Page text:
3:56 Tuchkov to Blucher: Already engaged at Paris for the glory of the Russian empire. Busy killing your treacherous cousin.
3:57 Tuchkov to Blucher: Defeated the honor guard in battle. The rest of my corps was holding me back. Send order to Attack.
3:58 Blucher to Tuchkov: Glory be. First in Paris gains Russians pride.
4:02 Tuchkov to Blucher: The X Corps is surrounded and likely gone. Wittgenstein is at the gates of Paris.
4:05 Davidovitch to Schwarzenberg: Holding on (Table) F. Send Rally order to clean up.
4:10 Blucher to Yorck: On to glory! First in Paris wins the prize.
4:14 Wolfskeel to Schwarzenberg: I am at Reims. Can I attack towards Paris? Please.
4:14 Davidovitch to Schwarzenberg: French vacated (Table) F.
4:18 Schwarzenberg to Wolfskeel: Rally, then go to Paris. Engage French if friends need any help.
Most of the messages are what I would call routine information reports. Veteran Snappy Nappy gamers played the C-in-Cs, so you get the idea that communications is not only important, but vital, in figuring out where the enemy -- not to mention your own corps -- are located.
Indeed, you read the occasional "Where are you?" message and feel for the C-in-C. This confusion exists in a single room with messages delivered between tables more or less like clockwork. Imagine trying to coordinate this over tens of miles!
I cleaned up and edited the messages. Some handwriting was difficult to discern. Other challenges include players using a variety of spellings for towns.
Still, this is a great record of movements and the player uncertainties of what's over on the next table. You have to praise and give considerable credit to the C-in-Cs (Mark [Napoleon], Greg [Blucher] and Dan [Schwarzenberg]) for pulling double duty as C-in-Cs and front-line commands.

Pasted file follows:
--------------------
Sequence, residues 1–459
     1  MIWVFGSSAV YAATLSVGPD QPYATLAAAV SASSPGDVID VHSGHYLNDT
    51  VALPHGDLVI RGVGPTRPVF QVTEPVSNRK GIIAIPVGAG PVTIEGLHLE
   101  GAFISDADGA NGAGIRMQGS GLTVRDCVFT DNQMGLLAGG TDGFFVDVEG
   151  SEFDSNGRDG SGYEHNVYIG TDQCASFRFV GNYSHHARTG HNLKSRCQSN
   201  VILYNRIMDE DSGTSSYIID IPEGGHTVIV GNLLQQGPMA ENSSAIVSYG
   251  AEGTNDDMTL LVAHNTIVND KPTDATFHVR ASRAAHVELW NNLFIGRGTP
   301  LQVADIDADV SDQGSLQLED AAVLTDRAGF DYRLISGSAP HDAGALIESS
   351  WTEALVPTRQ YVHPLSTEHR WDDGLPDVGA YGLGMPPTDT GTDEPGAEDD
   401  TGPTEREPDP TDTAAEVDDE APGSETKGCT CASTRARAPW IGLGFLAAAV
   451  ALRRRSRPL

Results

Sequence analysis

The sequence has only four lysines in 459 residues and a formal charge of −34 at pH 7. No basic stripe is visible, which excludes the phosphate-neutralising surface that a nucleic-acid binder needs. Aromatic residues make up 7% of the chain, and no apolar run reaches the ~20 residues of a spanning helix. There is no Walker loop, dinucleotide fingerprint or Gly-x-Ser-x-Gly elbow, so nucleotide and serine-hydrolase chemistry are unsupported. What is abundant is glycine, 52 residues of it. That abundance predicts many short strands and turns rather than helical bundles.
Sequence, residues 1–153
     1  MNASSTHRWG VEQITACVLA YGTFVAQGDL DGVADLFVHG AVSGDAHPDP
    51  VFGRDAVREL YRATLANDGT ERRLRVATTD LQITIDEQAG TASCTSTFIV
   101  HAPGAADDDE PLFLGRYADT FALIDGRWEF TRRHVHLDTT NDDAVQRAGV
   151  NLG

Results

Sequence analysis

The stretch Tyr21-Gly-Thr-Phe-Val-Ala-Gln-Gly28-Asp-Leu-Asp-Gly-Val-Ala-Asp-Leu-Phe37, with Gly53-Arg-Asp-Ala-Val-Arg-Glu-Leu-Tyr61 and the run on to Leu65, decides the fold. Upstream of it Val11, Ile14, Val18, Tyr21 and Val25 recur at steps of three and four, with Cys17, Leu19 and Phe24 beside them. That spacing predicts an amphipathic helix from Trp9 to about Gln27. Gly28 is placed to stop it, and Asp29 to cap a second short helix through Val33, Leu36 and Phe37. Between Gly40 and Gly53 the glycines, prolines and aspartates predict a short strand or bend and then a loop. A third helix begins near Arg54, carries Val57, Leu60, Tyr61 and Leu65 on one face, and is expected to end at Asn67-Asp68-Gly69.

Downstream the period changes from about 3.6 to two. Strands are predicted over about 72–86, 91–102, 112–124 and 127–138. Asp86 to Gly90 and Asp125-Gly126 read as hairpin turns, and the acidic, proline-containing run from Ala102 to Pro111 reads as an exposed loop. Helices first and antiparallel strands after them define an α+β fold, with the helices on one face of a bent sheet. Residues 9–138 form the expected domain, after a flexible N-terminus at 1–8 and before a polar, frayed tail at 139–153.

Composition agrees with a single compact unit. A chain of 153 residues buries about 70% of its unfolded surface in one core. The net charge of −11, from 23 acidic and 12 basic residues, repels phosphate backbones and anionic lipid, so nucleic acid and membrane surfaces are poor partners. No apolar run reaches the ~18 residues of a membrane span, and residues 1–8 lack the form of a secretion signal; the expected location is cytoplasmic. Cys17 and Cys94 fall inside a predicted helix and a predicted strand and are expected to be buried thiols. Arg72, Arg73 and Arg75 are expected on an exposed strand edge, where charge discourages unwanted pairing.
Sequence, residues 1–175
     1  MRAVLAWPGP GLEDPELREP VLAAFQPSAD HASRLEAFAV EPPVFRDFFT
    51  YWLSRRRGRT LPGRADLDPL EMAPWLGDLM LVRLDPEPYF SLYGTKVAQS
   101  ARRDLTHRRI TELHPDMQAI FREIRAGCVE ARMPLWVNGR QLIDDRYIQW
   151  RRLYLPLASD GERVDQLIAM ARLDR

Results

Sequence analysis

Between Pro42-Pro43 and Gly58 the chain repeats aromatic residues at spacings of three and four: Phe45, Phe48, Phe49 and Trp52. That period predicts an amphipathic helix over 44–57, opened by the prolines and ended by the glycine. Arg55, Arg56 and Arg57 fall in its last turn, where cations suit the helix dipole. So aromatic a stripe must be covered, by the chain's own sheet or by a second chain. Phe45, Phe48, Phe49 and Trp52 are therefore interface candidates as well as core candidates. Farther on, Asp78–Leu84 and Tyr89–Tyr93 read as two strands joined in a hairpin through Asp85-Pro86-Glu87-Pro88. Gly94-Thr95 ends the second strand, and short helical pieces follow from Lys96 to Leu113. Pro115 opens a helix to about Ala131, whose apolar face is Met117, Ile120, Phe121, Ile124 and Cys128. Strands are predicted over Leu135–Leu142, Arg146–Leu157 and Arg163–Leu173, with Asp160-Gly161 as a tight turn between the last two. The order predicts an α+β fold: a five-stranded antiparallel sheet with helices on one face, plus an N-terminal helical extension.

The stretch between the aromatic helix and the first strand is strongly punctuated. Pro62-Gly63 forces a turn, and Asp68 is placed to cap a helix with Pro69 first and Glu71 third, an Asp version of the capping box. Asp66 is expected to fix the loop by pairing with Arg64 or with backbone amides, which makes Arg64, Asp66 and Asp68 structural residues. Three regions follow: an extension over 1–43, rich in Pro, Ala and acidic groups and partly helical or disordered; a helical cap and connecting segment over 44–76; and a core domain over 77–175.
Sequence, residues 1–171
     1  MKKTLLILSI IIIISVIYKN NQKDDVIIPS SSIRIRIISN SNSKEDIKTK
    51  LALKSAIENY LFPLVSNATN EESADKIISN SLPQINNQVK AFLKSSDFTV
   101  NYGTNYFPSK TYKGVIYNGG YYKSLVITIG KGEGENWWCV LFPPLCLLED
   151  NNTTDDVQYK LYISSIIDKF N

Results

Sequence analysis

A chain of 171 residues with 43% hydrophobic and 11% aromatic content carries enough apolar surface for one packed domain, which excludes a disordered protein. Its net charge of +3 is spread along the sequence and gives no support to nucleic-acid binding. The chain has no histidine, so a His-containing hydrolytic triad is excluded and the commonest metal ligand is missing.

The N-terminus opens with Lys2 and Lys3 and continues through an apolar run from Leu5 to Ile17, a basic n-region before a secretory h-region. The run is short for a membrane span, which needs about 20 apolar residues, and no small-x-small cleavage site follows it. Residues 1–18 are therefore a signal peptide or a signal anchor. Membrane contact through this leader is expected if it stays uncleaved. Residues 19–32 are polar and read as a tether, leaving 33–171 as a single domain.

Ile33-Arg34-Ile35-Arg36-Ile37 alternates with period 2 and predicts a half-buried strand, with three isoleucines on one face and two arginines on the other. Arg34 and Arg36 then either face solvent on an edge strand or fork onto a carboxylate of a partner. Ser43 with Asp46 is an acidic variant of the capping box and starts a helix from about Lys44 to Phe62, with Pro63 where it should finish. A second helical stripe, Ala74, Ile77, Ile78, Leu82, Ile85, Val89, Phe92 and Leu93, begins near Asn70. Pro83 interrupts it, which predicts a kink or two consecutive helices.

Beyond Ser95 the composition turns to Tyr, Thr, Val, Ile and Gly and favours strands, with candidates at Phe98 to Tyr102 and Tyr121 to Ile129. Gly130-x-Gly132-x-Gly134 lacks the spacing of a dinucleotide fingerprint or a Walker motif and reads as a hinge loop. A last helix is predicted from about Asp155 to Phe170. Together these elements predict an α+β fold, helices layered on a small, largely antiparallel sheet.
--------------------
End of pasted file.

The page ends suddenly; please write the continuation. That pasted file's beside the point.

In Snappy Nappy, you may be fighting on one table, but you have little or no idea what's happening on other tables, including the one that might just lead into the back of your force. Indeed, you can see some of the messages refer to commands keeping rear areas free of enemy.
The other aspect that appears is commanders so focused on their own battle, they call for reinforcements because they believe themselves being overwhelmed. The C-in-C, however, has the 'big picture' in mind and often ignores such pleas for more troops.
Finally, some messages contained suggestions for the C-in-C on what order to give -- including those for other commands!
For the record, the shortest distance between the Allies and Paris is three tables (about 16 feet). Infantry in road march formation move 12 inches per turn, so unopposed marching takes about 16 turns. On average, a Snappy Nappy game of five hours generates about 30 to 40 turns.
As you read from other commentaries, the Allies fought their way to and into Paris in about four and a half hours (11:15am start and 4:45pm end) for a definite conclusion to the campaign.